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If you're looking for a book about successful outcomes in the toilet department, you couldn't do better
on 5 September 2012
Well, here's irony for you. This book is currently in the smallest room in our house, alongside a TV listings magazine, a couple of joke books, and Vikram Seth's A Suitable Boy, for those really recalcitrant movements. I have been reading it for the past three days - not the Vikram Seth, this book - and haven't quite finished yet, so please don't tell me what happens in the end. Mind you, I can guess, as Ms Whelen Banks (crazy name, crazy gal) sort of gives it away in the opening to her magnum opus.
She says (Spoiler alert, spoiler alert) "successful toilet training should be a time of celebration," leading one to believe that Liam's journey concludes in success, as he sees - if you will permit me a little levity - some close friends off to the seaside.
Well, if that is the outcome, Jane is spot on. It really is a time of celebration. We held a big party round our place, with proper champagne - none of that 14 quid stuff from the supermarket - and invited close friends and family to come and exult with us. We served them all with a delightful chilled flute of the bubbly, and some lovely canapes. There was a seafood theme to the nibbles with Pacific bay prawns on wholemeal toast, and various marinated herrings on sesame crackers. Once we had made sure our guests had a drink and a plate of nibbles - salted almonds and olives stuffed with pimento were on the agenda as well - we conducted them into the toilet in groups of five, having taken the precaution of not flushing our little boy's movement, so everybody could see for themselves what our little darling had achieved. I must say as we all stared down into the bowl, I was glad we had decided not to offer our fellow celebrants the chicken livers on matzo crackers that we considered at one stage. In fact, given the final journey our boy's product was about to take, seafood was undoubtedly symbolically the right option.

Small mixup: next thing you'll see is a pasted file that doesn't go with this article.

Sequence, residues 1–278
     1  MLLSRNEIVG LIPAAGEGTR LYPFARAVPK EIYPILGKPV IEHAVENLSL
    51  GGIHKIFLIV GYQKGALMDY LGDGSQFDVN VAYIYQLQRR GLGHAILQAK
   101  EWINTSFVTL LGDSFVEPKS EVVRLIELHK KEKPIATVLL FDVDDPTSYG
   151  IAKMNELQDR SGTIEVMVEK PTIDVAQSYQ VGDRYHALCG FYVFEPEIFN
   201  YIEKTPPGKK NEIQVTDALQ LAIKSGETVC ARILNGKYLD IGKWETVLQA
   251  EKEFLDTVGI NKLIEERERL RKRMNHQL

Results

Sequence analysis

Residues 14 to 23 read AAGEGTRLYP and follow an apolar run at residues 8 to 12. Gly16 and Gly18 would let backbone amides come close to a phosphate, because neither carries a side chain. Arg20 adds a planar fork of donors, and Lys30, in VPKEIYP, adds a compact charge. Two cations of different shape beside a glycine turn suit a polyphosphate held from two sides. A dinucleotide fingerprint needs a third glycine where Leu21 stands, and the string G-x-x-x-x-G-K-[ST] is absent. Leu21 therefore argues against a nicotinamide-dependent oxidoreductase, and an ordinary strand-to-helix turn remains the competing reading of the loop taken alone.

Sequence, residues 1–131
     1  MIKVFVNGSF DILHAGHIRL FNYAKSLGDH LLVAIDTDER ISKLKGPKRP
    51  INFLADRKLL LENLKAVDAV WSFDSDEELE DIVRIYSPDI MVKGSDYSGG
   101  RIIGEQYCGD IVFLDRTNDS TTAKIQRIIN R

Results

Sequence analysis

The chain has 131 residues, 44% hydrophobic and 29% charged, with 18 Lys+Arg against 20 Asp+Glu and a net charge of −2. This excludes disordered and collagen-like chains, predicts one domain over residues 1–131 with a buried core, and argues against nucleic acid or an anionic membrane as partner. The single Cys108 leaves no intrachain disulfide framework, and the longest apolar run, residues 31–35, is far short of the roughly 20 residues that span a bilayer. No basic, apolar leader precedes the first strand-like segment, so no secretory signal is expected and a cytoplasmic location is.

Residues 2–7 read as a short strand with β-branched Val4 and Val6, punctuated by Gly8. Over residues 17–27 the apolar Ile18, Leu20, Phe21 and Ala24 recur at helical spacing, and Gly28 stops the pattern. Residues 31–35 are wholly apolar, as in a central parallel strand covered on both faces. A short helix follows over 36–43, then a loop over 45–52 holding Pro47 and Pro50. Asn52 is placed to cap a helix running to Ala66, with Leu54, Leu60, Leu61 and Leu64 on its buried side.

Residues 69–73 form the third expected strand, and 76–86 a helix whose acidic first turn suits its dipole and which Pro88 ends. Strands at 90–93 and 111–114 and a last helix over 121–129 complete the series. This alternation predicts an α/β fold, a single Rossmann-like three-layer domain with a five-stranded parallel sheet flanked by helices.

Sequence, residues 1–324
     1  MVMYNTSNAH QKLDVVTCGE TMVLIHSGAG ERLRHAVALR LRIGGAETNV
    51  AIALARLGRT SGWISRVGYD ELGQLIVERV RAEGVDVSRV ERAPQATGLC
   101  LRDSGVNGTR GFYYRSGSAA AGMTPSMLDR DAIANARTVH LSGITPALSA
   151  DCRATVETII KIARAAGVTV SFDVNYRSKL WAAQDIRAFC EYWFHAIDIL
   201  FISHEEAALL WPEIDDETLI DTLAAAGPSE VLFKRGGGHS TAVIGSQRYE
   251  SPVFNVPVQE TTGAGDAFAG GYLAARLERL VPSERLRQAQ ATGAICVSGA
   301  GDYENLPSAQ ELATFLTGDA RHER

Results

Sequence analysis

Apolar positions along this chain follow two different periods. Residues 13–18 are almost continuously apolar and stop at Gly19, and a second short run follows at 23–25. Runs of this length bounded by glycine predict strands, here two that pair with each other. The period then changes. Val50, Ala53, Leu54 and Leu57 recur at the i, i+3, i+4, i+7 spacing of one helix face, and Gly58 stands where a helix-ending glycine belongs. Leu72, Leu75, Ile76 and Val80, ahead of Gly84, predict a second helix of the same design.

Describing little Liam's success, Ms Whelen Banks writes: "Memories of this momentous occasion will remain in our hearts," and how right she is. My little boy is 27 years old now, living away from home, but we often meet for lunch and talk about old times. I make a point of telling him of the pride and sense of achievement we all felt when he relieved himself for the first time in the toilet. He invariably replies, "What about when I was invited to join the space programme, or won bronze at the Sydney Olympics, or got an honours degree in astro-physics, don't those things make you proud?" "Oh yes, I remember, you won bronze," I say, "Of course that makes me proud, but not as proud as this." And I get out the photographs.